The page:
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Bringing History to Life
The Forbidden City offers an example of balancing heritage preservation and economic development
By Tang Yuankai | NO. 19 MAY 12, 2016


Shan Jixiang, Curator of the Palace Museum, tells stories about the museum to an audience in Hong Kong Central Library on March 16 (XINHUA)

Residing in a Beijing courtyard for a long time, Shan Jixiang, curator of the Palace Museum, has been familiar with the city's ancient architecture since childhood. Back then he never imagined he would grow up to work in one of the world's grandest and the world's most visited museum.

With almost 600 years of history and numerous treasures, the Palace Museum, also called the Forbidden City, was inscribed on the UNESCO's world heritage list in 1987.

According to the Principles for the Conservation of Heritage Sites in China, issued by the China International Council on Monuments and Sites (ICOMOS), "The aim of conservation is to preserve the authenticity of all the elements of the entire heritage site and to retain for the future its historic information and all its values."

To do this, Shan said we should not alter historical information conveyed by cultural heritage. And to uphold integrity, cultural relics should be regarded as in their entirety, and both movable and immovable relics should be protected.

Following these two principles, he began to dismantle temporary structures that were not historically part of the Forbidden City.

Despite being a curator, Shan modestly calls himself a gatekeeper. Since assuming office in January 2012, he began visiting the site's 9,000 plus rooms one by one. This took five months and required him to wear more than 20 pairs of cloth shoes.

Conservation vs. development 

Shan is also a member of the National Committee of the Chinese People's Political Consultative Conference, China's top political advisory body, where he has put forward numerous suggestions on heritage restoration.

Shan observed that some local officials, ignorant of cultural value and hungry for short-term economic and political benefits, allowed historic streets to be sold to property developers. Thus, traditional buildings were destroyed and intangible benefits were lost forever.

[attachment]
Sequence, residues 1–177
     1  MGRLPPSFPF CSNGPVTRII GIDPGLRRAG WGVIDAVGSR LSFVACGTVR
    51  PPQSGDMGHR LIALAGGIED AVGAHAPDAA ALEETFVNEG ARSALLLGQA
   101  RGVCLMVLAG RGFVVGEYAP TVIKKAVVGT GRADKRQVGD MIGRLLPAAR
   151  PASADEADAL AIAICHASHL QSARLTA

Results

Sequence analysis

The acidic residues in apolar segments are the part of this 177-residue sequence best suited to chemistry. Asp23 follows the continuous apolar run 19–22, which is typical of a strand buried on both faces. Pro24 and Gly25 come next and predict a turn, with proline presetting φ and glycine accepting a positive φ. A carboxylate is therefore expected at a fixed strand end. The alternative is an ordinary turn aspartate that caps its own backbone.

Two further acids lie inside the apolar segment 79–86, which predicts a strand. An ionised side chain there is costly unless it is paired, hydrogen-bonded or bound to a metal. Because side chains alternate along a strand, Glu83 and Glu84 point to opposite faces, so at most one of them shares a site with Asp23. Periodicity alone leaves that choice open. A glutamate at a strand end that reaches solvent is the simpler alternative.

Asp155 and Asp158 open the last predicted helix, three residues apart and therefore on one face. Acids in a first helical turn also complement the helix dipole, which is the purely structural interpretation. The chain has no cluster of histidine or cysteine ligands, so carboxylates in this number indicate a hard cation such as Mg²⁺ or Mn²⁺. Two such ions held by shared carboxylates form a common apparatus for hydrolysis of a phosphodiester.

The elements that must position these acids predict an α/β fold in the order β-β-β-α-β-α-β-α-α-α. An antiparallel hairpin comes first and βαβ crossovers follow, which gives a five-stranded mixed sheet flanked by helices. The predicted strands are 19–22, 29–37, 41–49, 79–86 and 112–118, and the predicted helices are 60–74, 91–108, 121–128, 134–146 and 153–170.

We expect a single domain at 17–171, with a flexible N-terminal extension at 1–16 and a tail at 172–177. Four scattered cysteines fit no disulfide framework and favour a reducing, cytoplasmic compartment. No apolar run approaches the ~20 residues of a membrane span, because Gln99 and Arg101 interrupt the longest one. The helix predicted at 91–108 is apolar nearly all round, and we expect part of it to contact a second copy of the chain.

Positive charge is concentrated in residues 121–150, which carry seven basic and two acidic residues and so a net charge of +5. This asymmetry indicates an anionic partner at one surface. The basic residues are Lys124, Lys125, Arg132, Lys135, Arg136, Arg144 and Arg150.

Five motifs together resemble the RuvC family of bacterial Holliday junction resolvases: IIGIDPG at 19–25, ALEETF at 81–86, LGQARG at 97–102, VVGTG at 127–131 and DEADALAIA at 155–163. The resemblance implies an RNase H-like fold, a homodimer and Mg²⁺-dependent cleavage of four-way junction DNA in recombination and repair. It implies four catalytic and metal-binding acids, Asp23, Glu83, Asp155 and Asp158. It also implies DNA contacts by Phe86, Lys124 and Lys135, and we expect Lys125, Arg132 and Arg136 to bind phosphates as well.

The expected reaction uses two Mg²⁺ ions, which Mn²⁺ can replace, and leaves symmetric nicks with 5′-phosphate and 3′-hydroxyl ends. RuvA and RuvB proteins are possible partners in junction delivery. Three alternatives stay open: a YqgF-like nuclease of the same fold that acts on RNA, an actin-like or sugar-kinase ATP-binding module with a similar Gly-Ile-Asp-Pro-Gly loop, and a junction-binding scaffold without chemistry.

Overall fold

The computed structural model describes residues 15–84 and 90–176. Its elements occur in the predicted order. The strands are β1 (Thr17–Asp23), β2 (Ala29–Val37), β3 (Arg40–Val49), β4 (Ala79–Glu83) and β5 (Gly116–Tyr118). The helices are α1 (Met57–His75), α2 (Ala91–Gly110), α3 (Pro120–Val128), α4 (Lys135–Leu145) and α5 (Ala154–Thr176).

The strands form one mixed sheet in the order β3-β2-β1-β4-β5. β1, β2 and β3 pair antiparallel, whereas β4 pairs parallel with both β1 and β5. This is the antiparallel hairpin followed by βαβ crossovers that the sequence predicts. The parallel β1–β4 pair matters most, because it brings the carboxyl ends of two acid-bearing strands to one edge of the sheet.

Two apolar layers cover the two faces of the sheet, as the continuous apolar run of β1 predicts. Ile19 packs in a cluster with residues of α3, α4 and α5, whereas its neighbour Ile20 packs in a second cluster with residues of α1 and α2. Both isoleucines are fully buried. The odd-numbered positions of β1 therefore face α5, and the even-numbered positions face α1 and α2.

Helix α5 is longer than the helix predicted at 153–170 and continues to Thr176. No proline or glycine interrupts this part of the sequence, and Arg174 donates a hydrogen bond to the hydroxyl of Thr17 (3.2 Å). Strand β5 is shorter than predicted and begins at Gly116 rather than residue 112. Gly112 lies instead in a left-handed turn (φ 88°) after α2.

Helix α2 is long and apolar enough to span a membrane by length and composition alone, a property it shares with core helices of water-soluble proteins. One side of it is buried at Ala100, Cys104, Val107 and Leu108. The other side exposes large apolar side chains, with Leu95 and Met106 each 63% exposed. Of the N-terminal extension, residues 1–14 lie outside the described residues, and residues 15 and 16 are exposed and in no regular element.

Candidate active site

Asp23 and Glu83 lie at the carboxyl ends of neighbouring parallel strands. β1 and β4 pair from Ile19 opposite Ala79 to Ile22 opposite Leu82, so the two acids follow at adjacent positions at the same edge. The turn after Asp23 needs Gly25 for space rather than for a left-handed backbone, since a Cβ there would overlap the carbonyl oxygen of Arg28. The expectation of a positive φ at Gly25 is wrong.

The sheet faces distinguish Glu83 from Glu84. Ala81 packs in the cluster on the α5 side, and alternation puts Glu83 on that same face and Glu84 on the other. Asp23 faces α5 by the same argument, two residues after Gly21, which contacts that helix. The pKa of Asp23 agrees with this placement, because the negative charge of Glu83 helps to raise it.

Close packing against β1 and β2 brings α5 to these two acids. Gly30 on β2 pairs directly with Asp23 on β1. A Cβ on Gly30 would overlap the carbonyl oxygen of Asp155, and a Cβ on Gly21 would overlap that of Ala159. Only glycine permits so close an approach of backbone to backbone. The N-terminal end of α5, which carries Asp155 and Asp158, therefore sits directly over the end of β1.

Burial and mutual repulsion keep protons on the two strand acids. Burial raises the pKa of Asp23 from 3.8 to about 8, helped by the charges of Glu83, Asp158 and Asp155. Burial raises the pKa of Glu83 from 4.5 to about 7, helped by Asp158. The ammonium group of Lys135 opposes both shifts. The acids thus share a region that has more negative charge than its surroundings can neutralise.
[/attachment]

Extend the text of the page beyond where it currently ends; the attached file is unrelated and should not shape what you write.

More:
During China's rapid urbanization process, the conflict between heritage protection and development has become salient. The third nationwide cultural relics survey, which lasted from April 2007 to December 2011, revealed that 44,000 non-movable relics had disappeared, half of which were lost to commercial development projects such as highway and railway expansions.

Data released in 2015 from the State Administration of Cultural Heritage indicate that damage was mostly committed by organizations rather than individuals; the core reason for these violations was to make way for local economic development.

"Cultural heritage is non-renewable and has rare value. As such, it should be properly protected, while its economic potential can be reasonably utilized," Shan wrote in his 2009 book on cultural heritage.

Using London as an example, he explained that heritage preservation and economic development are not necessarily mutually exclusive. "Currently, the most attractive places in London, the places where people like to live, work and visit the most are those with the best preserved historical environment," He added that, "A city should not only provide a good physical environment for citizens, but also a noble cultural space."